231. Report by the Operations Coordinating Board1

PROGRESS REPORT ON UNITED STATES POLICY TOWARD EAST GERMANY (Supplement to NSC 160/1)2

(Policy Approved by the President September 12, 1956)

(Period Covered: May 18, 1956 through December 5, 1956)

(Including Actions Under NSC 1743 from May 18, 1956 to September 12, 1956)

A. Summary of Operating Progress in Relation to Major NSC Objectives4

1.
OCB Recommendation Regarding Policy Review. U.S. policy toward East Germany as set forth in the Supplement to NSC 160/1 has been reviewed from the standpoint of operating considerations and in light of operating experience to date and of anticipated future developments. No review of policy is recommended.
2.
Summary Evaluation. The intransigence of the Soviet Union has prevented significant progress in the achievement of the basic objective of the reunification in freedom of Germany. However, progress has been made on interim objectives and major courses of action as follows:
a.

Placing the Soviets on the defensive by measures in support of reunification. The United States Government together with the British and French Governments has supported a West German initiative on German reunification. (The Federal German Government in a memorandum delivered to the Soviet Government on September 7, 1956,5 after setting [Page 568] forth its position on reunification along the lines advanced by the Western Powers at Geneva, suggested an exchange of views to facilitate progress on reunification.) The purpose of this démarche is to highlight the Soviet Union’s refusal to discuss Western proposals for reunification and European security.

The Secretary of State in June 1956 agreed with German Chancellor Adenauer 6 that renewed efforts should be made to keep the subject of German reunification in the forefront of world opinion and to stimulate pressures designed to influence the Soviet Government to modify its present negative and intransigent position toward the German problem. Subsequently, United States Missions abroad were instructed to promote support for German reunification through a more intensive use of normal diplomatic and other contacts.

b.
Undermining Soviet control over East Germany through exploiting the Western position in the Federal Republic and Berlin. Although the Soviets have relaxed some part of their overt control and have permitted certain East European satellites the assumption of some attributes of national independence, the Kremlin has not relaxed its grip on the German Democratic Republic. The Soviet representatives in East Berlin continue to rule the country through their German agents with the backing of the 400,000-man occupation army. Against this overwhelming armed might the East German populace is disinclined to oppose the regime openly. Steadily improving conditions in West Germany and West Berlin continue to give contrast to the differences between East and West Germany. RIAS (Radio Station in the American Sector Berlin) broadcasts and other U.S. programs for keeping in touch with the East German population have served to point out these contrasts. The continued flow of refugees from East Germany indicates the attractive force of the West to elements in the East German population. Berlin has been maintained as a show window of Western accomplishments and the city has continued as the base for most programs designed to maintain contact with the East Germans by means of radio (RIAS), visits and various forms of aid. (See paragraphs 2–e and 2–f–(3) below.)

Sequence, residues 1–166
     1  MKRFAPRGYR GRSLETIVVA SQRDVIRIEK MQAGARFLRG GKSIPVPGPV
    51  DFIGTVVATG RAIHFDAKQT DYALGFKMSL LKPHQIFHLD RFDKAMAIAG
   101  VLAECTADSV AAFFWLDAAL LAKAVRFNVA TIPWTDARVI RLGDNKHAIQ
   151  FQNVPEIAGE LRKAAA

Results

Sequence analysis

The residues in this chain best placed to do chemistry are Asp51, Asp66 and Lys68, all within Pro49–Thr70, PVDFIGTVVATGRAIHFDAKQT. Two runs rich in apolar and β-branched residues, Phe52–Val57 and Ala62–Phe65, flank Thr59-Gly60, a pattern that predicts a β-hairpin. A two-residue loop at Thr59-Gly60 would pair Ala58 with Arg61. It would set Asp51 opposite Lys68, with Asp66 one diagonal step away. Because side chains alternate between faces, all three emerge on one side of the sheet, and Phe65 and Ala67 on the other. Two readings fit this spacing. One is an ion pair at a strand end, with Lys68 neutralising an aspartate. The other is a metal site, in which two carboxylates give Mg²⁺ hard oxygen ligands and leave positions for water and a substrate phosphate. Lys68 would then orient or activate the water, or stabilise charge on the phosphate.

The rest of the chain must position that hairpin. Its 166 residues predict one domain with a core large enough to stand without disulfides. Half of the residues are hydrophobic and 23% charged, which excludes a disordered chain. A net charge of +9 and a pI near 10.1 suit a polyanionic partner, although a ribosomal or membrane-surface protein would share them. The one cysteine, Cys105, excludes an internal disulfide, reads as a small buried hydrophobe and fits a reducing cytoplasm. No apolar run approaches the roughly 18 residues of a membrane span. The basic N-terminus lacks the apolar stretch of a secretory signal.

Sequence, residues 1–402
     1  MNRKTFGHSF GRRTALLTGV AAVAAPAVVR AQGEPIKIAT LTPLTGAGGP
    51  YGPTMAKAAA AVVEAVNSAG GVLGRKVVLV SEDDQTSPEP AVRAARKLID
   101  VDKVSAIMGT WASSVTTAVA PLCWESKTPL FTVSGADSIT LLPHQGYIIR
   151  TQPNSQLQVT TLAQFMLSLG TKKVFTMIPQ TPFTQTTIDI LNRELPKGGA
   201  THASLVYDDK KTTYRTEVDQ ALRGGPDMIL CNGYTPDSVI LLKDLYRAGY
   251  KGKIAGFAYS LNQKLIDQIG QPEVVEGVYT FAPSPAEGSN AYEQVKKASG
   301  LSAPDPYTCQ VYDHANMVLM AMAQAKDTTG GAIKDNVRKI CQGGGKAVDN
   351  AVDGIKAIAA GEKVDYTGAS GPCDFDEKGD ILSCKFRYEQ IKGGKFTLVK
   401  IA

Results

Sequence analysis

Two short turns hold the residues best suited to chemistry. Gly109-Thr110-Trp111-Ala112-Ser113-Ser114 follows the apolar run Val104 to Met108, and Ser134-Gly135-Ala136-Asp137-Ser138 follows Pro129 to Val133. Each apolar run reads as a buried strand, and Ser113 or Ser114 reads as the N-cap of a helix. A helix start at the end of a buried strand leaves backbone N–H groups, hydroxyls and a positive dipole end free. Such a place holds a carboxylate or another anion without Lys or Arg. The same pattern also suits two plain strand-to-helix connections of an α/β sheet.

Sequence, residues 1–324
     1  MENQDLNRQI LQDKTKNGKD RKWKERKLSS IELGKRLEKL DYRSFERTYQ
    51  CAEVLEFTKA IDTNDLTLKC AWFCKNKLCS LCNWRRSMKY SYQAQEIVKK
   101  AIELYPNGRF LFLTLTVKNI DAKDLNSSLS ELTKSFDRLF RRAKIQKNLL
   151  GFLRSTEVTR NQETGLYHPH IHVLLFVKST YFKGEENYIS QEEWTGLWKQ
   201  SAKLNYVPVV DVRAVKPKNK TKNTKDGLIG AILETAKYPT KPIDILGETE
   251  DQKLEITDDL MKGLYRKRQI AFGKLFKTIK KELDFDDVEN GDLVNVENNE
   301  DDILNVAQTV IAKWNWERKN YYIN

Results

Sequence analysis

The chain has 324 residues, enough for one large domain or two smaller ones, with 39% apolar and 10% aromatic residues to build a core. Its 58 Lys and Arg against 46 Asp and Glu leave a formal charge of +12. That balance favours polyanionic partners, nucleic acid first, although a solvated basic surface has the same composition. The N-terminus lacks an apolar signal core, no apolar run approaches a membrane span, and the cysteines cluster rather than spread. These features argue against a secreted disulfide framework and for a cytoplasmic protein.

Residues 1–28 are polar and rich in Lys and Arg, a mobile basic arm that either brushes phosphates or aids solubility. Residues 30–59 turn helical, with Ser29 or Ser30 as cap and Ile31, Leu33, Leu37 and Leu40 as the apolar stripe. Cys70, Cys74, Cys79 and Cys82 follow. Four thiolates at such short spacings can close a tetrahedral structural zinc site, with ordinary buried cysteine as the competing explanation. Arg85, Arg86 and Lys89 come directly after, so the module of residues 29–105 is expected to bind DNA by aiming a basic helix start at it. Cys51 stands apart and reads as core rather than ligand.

c.
Diminishing the reliability of the East German armed forces., RIAS and other U.S. programs constantly reminded members of the East German armed and paramilitary forces that these forces are mere instruments of the Kremlin designed to further the maintenance of Soviet control over East Germany. Continued disaffection in the East German military establishment is reflected by the continued and steady defection to the West (over 200 a month) of members and former members of the East German armed forces. The East German defense establishment has not overcome its inherent weaknesses of [Page 569] poor morale and low political reliability. These forces, totalling 118,000 men, cannot be counted on either to engage in military action in behalf of the Kremlin or to maintain internal order without substantial direct Soviet control. Reliable armed forces which would be large enough to maintain internal order alone can probably not be formed in the foreseeable future. The Soviet experience with the Hungarian army, which prior to the Budapest uprising was regarded as sufficiently dependable to maintain internal order, probably has compelled the Kremlin to approach the problem of reliability of the East German armed forces with even greater caution than heretofore.
d.
Minimizing the East German contribution to Soviet power. East Germany’s economy continues to be of great value to the Soviet Union. The economic advantages accruing to the Soviet Union include the normal gains from trade as well as discriminatory pricing to the advantage of the USSR. In addition, the Soviet Union receives payment for its alleged investment in its former corporations in East Germany, support for its troops, and probably subsidies to the jointly-owned uranium mining company. (East Germany supplies the USSR an estimated 45 percent of uranium available to the Soviet atomic energy program.) In order to emphasize this exploitation, RIAS and other United States programs have been designed to nourish the spirit of East German resistance to Communism and to hamper Soviet exploitation of East Germany by maximum publication, both in East Germany and in the free world, of the facts of such exploitation. RIAS and other East-West contact programs have exploited the Stalin denigration campaign and publicized developments in Hungary, thereby adding to the confusion and uncertainty in the lower echelons of the Socialist Unity Party. The possibilities of weakening East Germany through a limited program of defection of scientists and technicians are currently under study.
e.